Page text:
What Voids Your Car Warranty? Here’s What You Need to Know
When it comes to your vehicle, the last thing you want to do is void your warranty. Your car warranty is a promise from the manufacturer that, for a set period of time, they will fix any defects or malfunctions and pay for covered repairs or part replacements.
Many vehicle owners believe that all repairs, maintenance, and parts must go through the dealership for the vehicle to stay under warranty. But that simply isn’t true. If you’re unsure what voids a warranty on a car, keep reading to discover if your car is still under warranty.
Do I have to always take my car to the dealership to stay under warranty?
Can a manufacturer deny warranty coverage if you take the vehicle to a non-dealer shop for maintenance and repairs? No! If you go somewhere other than the dealer, it will not void your warranty.
Because of the Magnuson-Moss Warranty Act of 1975, it is illegal for vehicle manufacturers or dealers to void a warranty or deny a warranty claim because of work performed by a non-dealer. According to the Federal Trade Commission (FTC), the manufacturer or dealer can only require vehicle owners to use a specific repair facility if the repair services are provided free of charge under the warranty.
So vehicle owners have several options to stay on top of routine maintenance and repairs. They can use the dealership, visit an automotive maintenance provider (like Virginia Tire & Auto) or do it themselves.
An important note: if your vehicle is damaged as a result of a repair or service done by you or your mechanic, the manufacturer/dealer has the right to deny the warranty claim. They must, however, be able to prove that the third-party work—not a vehicle defect—caused the damage to the vehicle. Even if this happens, it does not void the warranty for the rest of your car.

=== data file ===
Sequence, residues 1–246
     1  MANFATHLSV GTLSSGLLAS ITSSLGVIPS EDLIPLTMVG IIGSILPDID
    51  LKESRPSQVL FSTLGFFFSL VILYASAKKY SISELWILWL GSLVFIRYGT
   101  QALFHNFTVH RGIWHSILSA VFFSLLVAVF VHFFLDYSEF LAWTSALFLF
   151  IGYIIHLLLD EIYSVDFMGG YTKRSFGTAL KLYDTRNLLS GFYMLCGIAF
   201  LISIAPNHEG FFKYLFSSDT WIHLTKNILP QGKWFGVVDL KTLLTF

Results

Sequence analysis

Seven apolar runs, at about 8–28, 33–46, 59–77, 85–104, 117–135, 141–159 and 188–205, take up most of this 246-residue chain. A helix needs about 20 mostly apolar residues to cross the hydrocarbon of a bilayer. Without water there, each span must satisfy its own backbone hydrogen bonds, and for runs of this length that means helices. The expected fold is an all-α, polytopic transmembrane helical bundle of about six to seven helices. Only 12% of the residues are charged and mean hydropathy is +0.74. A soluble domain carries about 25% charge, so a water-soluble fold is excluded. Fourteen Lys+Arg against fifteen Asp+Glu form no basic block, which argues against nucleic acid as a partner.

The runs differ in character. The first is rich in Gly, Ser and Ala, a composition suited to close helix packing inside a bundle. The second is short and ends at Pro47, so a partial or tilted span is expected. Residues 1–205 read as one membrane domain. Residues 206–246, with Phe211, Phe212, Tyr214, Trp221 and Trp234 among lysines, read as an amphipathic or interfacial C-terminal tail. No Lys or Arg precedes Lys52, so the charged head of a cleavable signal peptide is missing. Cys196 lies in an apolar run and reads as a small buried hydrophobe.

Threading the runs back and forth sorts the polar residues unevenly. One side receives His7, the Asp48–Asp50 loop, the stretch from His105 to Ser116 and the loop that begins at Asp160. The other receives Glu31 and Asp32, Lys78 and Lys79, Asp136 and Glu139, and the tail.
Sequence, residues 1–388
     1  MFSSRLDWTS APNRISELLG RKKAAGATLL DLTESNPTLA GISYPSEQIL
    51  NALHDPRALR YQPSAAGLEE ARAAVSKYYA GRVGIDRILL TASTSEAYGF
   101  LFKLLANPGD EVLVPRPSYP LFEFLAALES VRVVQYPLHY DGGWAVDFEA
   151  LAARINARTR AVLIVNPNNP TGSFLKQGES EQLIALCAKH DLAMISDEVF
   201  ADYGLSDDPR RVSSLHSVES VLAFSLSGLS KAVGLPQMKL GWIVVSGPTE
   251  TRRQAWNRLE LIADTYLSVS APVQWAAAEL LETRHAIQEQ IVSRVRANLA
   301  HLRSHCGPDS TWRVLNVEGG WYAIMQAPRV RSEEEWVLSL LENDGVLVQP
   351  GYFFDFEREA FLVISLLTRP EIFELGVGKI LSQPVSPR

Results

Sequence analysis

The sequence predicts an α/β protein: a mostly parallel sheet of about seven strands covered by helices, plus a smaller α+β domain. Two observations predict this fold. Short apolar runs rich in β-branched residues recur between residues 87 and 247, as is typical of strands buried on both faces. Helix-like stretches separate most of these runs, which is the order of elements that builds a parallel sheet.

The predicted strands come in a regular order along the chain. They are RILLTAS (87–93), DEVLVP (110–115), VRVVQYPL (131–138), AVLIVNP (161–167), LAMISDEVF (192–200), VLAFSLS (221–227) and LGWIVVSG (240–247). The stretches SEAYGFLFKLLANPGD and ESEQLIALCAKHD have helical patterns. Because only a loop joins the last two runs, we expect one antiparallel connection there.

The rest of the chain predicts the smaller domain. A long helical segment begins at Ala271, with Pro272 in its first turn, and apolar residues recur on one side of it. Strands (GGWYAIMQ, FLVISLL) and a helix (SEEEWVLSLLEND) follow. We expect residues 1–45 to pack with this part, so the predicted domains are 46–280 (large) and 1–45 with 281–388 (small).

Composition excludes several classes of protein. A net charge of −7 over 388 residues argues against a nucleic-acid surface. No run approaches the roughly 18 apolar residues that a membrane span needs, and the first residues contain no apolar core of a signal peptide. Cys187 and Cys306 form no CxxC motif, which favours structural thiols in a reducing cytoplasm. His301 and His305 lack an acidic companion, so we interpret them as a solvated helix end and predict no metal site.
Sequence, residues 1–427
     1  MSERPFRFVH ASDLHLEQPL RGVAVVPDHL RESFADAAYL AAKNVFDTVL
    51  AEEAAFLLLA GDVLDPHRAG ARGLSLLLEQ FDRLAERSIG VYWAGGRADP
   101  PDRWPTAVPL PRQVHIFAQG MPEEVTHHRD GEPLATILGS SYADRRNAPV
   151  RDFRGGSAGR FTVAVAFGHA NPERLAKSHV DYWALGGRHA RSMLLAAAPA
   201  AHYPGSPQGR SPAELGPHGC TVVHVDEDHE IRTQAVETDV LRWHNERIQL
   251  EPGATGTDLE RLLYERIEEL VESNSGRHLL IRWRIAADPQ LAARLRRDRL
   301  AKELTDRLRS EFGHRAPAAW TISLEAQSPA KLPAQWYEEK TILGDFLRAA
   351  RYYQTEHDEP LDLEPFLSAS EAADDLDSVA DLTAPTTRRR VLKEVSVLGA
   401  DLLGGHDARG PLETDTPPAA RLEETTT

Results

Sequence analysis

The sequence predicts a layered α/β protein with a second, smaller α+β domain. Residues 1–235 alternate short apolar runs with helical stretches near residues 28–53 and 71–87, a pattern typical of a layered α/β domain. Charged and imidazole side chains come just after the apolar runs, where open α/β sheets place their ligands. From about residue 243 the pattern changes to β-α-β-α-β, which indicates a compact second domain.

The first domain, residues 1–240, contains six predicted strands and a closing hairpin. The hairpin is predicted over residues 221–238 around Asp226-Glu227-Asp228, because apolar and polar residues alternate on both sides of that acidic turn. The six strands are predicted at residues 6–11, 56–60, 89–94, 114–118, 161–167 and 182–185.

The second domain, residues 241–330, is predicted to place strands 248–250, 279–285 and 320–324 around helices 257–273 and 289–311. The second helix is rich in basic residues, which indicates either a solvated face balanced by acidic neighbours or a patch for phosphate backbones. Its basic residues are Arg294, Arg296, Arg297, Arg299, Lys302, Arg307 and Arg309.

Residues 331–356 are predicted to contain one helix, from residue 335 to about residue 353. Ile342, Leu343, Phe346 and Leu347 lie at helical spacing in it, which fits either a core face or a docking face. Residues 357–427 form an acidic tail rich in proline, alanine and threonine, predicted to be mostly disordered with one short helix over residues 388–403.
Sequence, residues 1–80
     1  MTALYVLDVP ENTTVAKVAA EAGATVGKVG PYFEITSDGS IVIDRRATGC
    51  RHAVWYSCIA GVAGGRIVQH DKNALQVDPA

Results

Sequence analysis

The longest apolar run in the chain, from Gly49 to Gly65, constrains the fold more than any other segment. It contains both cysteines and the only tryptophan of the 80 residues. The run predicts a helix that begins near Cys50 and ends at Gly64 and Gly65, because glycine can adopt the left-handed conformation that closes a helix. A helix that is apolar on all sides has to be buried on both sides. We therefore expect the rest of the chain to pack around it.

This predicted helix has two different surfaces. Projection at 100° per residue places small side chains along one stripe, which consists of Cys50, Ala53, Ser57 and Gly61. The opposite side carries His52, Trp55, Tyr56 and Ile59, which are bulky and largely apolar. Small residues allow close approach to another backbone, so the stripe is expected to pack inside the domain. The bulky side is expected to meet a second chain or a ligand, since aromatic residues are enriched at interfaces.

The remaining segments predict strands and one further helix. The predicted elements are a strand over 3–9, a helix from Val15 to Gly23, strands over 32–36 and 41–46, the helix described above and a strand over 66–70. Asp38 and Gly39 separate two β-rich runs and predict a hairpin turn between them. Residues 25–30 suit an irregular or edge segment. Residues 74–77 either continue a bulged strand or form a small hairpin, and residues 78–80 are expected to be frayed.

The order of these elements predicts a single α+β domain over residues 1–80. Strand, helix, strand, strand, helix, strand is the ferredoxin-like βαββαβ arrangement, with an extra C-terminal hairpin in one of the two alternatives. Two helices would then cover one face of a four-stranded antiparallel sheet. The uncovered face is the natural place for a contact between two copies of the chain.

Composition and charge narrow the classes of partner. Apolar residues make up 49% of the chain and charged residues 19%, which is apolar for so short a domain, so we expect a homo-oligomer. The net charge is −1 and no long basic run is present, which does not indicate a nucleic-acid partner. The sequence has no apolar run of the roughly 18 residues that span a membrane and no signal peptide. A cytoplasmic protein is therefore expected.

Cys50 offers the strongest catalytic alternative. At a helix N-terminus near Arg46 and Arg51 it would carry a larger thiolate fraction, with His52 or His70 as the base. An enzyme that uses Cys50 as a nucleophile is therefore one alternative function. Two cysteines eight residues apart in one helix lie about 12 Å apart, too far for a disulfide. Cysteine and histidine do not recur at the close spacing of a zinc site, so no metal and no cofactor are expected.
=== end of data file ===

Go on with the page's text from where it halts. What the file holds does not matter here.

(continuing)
Will using aftermarket parts void my warranty?
Another misconception is that you have to use manufacturer-approved parts to keep your vehicle under warranty. This is also untrue.
The Magnuson-Moss Warranty Act also protects the vehicle owner if an aftermarket or recycled part was used on the vehicle. So, manufacturers cannot force consumers to use brand name parts unless the part is provided for free under the warranty.
Manufacturers can deny warranty coverage if an aftermarket part or modification caused damage to the vehicle. But they must be able to show that the aftermarket part caused the damage.
What can void a car warranty?
Taking your car somewhere other than the dealership or using aftermarket parts won’t void the manufacturer’s warranty, but there are some activities that can void your warranty, including:
- Off-Road Driving
- Racing or Reckless Driving
- Natural Disasters (flooding, fire, earthquake, etc.)
- Poor Car Maintenance
- Using Improper Fluids
- Some Aftermarket Parts or Modifications (see above)
How to Maximize Your Vehicle’s Warranty
- Read the Warranty: A basic vehicle warranty, often called a “bumper to bumper” warranty, typically offers coverage for 3 years/36,000 miles (whichever comes first). A powertrain warranty, which covers defects in the engine, transmission, and other powertrain parts, usually lasts longer—around 6 years or 70,000 miles. Some manufacturers also offer warranties for emissions and corrosion. Make sure you read the fine print so you know exactly what’s covered and what’s not.
- Service the Car at Regular Intervals: Car manufacturers can void your warranty if you fail to follow the factory guidelines and perform routine maintenance. This includes oil changes, fluid flushes and other services. To be on the safe side, read your owner’s manual and follow the suggested maintenance schedule. And when the warranty period is about to expire, be sure to have the vehicle checked out for any covered issues.
- Keep Service Records and Receipts: No matter who does the service, keep track of all repairs; you’ll need the information if you need to use the warranty. It can also increase the vehicle’s resale value.
- Questions about Warranty Claim: Contact a dealer supervisor, the manufacturer or another dealer if you think your warranty claim is being addressed unfairly. If need be, file a complaint with the state Attorney General, local Better Business Bureau or the FTC.
Need Repairs or Replacements?
Don’t assume you must use your vehicle’s manufacturer for repairs and maintenance. Bring your vehicle into Virginia Tire & Auto for all your car repair and maintenance needs. Our talented technicians will get you back on the road safely. Schedule an appointment at any of our locations today!